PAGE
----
From there, the three of them stood in various lines for the next hour. Maintenance staff had given the school a spit shine, and the volunteers had placed the Target bulls-eye everywhere. The word “Target” was not that visible, but the bulls-eyes were on the floors and the walls, all over the volunteers and on every sign welcoming people to the event. Translucent bulls-eyes even graced the glass topping the walls that allowed light into the windowless library. Even if he never shops at Target again, the PI will think of this event every time he sees that logo for the next many years.
The first line wound its way through the school and led Liz, the PI and Connie into the library. The large room had been transformed into a bright, colorful and inviting space, complete with two thousand new books, furniture and equipment. A round table with eight iPads drew the biggest crowd by far. Gone were the impinging offices, with their ugly backs turned to library users. The librarian had created a “before and after” photo display to remind everyone just what a miracle had been wrought.
After spending a few minutes in the makeover, the PI and family joined the next line waiting to receive a red and white Heart of America canvas bag containing some parent information and seven brand new paperback books. Someone who knows about children’s books chose different books for each grade level, and Connie’s bag included the first book in the Harry Potter series and several others of interest to her. As she waited for the books, one of the volunteers engaged very directly with Connie, asking her what she is reading right now and what have been her favorite books.
After the book distribution, the line continued into the school cafeteria, which had been transformed into “The Food Pantry.” There, more volunteers waited to give each family about 40 pounds of food for each child they had in the school. Liz had paid attention to the event info enough to know that this was coming, but the PI was taken off guard by this part of the show. Something about waiting in line to be given food presented a challenge to the PI and he abandoned ship to wait outside for Liz and Connie. After about ten minutes, they emerged with bags full of frozen chicken, pancake mix, apple juice, soup, crackers, granola bars, fruit, canned vegetables and other goodies. As in the case of the books, care had been given to the nutritional choices represented by the food distributed. The PI’s snarky remark about this being a strange way to celebrate a library, brought Liz’s suggestion that this might have been a very important part of the event to some of the families present.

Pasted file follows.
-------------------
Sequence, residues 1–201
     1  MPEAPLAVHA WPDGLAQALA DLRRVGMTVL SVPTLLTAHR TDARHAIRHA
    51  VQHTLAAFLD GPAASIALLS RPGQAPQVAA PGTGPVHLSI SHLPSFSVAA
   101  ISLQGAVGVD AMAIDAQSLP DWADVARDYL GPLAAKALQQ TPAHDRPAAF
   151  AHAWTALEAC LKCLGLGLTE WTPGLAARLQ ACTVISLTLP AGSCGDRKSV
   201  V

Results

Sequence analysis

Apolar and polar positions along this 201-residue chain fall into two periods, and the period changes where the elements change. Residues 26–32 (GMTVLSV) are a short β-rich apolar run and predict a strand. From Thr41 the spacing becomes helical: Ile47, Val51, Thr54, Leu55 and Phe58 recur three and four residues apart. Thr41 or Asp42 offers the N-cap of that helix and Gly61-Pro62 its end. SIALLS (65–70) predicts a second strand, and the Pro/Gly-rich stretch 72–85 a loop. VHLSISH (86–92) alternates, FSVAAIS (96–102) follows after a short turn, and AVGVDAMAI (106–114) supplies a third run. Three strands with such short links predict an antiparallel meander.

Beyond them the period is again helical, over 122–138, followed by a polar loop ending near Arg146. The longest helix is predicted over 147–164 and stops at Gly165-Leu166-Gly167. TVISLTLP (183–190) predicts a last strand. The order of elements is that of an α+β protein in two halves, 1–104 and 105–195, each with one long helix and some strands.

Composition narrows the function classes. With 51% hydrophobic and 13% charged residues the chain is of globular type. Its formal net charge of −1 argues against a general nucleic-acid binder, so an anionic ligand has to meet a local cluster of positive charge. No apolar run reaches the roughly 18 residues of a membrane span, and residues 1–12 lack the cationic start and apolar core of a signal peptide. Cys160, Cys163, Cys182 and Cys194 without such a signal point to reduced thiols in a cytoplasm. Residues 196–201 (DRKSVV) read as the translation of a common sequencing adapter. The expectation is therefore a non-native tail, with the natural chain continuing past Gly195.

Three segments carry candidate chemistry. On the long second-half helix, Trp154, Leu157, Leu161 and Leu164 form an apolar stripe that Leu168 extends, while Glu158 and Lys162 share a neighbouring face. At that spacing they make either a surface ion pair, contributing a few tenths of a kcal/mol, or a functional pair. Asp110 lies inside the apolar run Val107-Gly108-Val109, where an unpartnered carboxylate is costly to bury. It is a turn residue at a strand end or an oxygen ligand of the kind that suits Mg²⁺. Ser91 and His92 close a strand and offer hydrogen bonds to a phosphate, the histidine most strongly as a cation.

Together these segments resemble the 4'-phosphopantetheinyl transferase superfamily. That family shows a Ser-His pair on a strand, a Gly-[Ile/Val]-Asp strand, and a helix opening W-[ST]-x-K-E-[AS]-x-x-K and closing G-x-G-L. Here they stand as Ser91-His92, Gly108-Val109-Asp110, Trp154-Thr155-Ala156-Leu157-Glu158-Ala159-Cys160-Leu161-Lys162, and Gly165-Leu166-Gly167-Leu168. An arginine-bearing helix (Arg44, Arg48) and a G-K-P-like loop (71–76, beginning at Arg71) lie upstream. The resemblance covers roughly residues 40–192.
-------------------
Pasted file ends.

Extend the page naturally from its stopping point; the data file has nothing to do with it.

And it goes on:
It wasn’t until they were standing outside that the PI realized that this was it. They had to get home before the chicken thawed. There would be no speech thanking the company and inspiring parents and children to make use of this amazing gift. There would be no announcement of a new “read at home, read at school” program encouraging parents to read to their children at home and to come into the library at some specified times to read to children there. For the PI, an important opportunity had been passed over, but another one had certainly been taken.